November 28th, 2006


Time and relativity

I once read an essay by a guy who spent some time visiting a gathering of the Rainbow Tribe, a modern-day collection of folks who try to "live lightly". It seems to be a pretty basic peace-and-love hippie-style movement. Some participants apparently just travel the country full-time; some just show for gatherings. This particular gathering was in the woods somewhere in the upper midwest, with tents and mud and campfires. Motorized vehicles were either excluded or strongly discouraged, so the author and his companion spent much time walking from the forest entry and between encampments. Whenever the writer and his friend asked how far it was to a certain place, they were always told either "a quarter mile" or "about 20 minutes". This answer frequently proved to be entirely inaccurate, especially when they got the same answer multiple times during a single hour-long walk. When the writer asked about this, his respondent answered that this was a pretty standard answer, because it was a small enough unit of time/distance so as not to be discouraging ... but that their destination was in fact about a quarter mile away at that point, which proved to be true.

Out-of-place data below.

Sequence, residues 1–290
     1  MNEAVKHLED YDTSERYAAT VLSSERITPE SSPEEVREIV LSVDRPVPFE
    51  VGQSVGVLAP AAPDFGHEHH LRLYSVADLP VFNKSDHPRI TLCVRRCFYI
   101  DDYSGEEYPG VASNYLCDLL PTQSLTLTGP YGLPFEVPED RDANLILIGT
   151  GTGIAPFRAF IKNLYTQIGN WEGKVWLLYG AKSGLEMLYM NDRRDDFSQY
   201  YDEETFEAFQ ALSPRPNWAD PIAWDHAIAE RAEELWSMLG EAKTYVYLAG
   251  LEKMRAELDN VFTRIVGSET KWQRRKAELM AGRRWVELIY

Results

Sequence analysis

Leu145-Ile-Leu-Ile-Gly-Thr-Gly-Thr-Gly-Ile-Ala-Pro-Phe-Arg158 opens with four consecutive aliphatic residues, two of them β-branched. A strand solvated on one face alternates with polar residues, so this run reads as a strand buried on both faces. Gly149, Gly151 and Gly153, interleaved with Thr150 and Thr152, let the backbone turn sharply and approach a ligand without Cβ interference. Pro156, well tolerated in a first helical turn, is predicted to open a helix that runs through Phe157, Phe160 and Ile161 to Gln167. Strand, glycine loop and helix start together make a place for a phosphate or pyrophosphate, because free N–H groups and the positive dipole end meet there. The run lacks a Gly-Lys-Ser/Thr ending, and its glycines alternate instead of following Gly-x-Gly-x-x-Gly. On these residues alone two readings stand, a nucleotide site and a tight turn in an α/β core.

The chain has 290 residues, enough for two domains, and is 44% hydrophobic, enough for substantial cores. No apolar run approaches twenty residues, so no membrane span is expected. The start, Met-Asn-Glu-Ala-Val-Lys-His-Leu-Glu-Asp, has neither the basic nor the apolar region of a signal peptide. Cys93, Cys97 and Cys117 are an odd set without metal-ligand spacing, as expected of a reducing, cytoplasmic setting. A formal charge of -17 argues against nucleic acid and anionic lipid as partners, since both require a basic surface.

Whenever I'm asked how long it takes to get anywhere within/along I-495, out towards Worcester, down into Rhode Island, or down towards Fall River, I generally estimate "about an hour". That figure just usually feels right.

So today I was asked to check several travel times. I had driven one of the routes recently, and I looked the others up on MapQuest. For each of the four very different trips, the answer worked out to ... right about an hour.

Clearly, I am just that good.
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